It’s strange to hear the stakes laid out like that this early in the season, but he’s right. A loss would effectively eliminate the Cougars from the national conversation after just three games. That dynamic is what’s so problematic about conference independence. For a program of BYU’s caliber, games that have tangible implications deep into the season are rare. Still, a win wouldn’t make the season by any means, it would prolong the possibility for a special season.
With a 45-point loss and an FCS win on its résumé, Oregon remains an unknown. The Ducks came into the season with high expectations under first-year coach Dan Lanning and Saturday’s game should provide the best glimpse into the type of team this will be when it opens Pac-12 play the following week at Washington State. — Kyle Bonagura
BYU students and fans storm the field after they seal the deal with great defense in the second overtime to finalize a 26-20 win.
We know this about Bryan Harsin: He doesn’t back down from a fight and doesn’t flinch even under the most dire of circumstances.
As he told ESPN prior to the season, months after the university-directed inquiry into the program and coup to run him out of town failed: “Everything we went through was bulls—. Let’s be clear on that. We’re not folding our tent whatsoever.”
In January, there weren’t many people on the Plains or anywhere else who thought Harsin would be around for a second season at Auburn. But here he is heading into Week 3 and facing perhaps the most important game of his Auburn career on Saturday when Penn State visits Jordan-Hare Stadium.
Simply looking down Auburn’s schedule is proof of how pivotal this game is for the Tigers if they’re going to improve on last season’s 6-7 finish. A win over Penn State would set up a very manageable pathway for Auburn to be 5-0 and take advantage of five straight home games to open the season. The Tigers face Missouri and LSU over the next two weeks at home.
It’s a similar situation for James Franklin and Penn State, although Franklin’s offseason was nowhere near as rocky as Harsin’s. Franklin had the comfort of inking a 10-year contract extension last November — paying him $7.5 million annually. And yet, on the field, the Nittany Lions didn’t fare much better than the Tigers. Penn State finished 7-6, and that’s after going 4-5 in 2020.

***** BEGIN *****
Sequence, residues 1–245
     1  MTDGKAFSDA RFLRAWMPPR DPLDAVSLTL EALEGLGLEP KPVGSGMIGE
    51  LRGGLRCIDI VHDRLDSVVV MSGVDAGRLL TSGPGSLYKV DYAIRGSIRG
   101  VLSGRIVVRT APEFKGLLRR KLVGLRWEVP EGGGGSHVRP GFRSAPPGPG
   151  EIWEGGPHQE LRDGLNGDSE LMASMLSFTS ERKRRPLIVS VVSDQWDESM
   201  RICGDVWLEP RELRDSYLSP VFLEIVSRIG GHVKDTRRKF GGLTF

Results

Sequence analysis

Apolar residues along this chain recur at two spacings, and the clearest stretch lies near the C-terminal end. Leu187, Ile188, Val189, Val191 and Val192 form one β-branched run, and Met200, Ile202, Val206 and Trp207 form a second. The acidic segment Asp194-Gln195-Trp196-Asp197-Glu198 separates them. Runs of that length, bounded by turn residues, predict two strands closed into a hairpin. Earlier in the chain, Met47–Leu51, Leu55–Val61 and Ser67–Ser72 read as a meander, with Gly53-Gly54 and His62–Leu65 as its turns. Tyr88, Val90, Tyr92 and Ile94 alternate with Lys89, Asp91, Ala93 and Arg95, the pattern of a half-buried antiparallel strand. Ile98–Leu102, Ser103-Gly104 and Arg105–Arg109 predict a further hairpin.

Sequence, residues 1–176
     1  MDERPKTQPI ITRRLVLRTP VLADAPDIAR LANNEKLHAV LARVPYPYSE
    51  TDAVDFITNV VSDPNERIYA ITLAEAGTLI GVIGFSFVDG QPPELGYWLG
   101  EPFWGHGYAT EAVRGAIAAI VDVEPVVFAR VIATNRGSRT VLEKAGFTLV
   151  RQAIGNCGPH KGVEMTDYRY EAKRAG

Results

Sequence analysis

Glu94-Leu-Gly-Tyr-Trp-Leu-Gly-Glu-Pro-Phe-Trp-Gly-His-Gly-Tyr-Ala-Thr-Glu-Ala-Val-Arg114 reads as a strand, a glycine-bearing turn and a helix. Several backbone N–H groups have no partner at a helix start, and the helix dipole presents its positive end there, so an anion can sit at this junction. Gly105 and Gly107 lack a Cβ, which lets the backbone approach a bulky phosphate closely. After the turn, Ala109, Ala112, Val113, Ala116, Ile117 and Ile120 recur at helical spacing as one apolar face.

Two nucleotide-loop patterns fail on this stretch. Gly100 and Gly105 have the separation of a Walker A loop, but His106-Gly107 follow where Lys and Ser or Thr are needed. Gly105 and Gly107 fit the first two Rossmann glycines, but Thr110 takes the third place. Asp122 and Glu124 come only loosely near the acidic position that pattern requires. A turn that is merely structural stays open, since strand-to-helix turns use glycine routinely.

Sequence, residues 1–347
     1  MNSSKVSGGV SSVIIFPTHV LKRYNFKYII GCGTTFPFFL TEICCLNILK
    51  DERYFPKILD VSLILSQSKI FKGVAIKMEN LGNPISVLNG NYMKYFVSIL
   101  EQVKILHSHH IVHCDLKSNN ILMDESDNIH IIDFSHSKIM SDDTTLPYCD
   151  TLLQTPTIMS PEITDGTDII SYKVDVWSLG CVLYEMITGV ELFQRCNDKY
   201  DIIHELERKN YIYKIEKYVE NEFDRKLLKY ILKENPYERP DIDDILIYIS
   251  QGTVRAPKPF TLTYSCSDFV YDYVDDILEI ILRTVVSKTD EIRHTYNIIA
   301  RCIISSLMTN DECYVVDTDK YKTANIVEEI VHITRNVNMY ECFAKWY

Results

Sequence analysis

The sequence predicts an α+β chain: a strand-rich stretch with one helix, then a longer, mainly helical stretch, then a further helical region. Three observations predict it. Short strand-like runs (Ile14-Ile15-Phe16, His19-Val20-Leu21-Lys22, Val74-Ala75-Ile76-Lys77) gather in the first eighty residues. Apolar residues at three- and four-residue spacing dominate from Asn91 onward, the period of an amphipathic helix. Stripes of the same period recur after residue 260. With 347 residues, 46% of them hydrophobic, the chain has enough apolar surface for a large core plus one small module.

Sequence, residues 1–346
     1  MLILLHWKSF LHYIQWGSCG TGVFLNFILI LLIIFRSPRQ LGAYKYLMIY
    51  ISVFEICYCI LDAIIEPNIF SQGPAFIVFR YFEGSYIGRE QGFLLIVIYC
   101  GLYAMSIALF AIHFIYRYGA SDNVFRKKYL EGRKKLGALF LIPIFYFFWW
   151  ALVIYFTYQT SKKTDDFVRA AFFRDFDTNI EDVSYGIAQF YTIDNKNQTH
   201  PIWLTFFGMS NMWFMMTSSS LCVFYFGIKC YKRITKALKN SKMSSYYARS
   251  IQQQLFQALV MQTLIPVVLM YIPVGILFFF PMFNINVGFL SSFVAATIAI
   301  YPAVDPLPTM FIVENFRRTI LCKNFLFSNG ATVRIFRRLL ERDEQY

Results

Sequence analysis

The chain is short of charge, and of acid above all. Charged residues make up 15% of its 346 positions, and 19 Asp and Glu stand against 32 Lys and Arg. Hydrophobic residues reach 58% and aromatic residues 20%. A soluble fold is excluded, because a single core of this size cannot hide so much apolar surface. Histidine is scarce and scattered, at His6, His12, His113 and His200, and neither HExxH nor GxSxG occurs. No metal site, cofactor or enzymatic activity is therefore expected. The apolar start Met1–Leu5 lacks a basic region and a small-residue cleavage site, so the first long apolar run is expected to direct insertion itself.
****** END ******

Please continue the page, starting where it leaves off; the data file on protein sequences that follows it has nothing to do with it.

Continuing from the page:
So both coaches (and teams) could use momentum-building wins.
Auburn has been pedestrian on offense in its first two games, and Harsin is the first to say that the Tigers need to make more plays in the passing game. Quarterbacks T.J. Finley (the starter in the first two games) and Robby Ashford have combined for one touchdown pass. The absence of a more explosive passing game would make it easier for Penn State to stack the line of scrimmage and stop Auburn star running back Tank Bigsby, who’s averaging 6.8 yards per carry. No Auburn wide receiver caught more than three passes in last week’s 24-16 win over San Jose State, a game in which Auburn trailed 10-7 at the half.
“I’ve challenged our offense. I’ve challenged our team,” Harsin said. “When we have opportunities to make plays, we’ve got to go make them.”
One of the key matchups will be how Auburn defends Penn State’s passing game. Quarterback Sean Clifford, in his sixth season, isn’t likely to be rattled by a Jordan-Hare Stadium crowd that can be ear-splitting. He overcame a fourth-quarter pick-six in the season opener to lead Penn State on an eight-play, 80-yard touchdown drive in the final minutes in a comeback 35-31 road win over Purdue. Clifford finished with 282 yards and four touchdowns.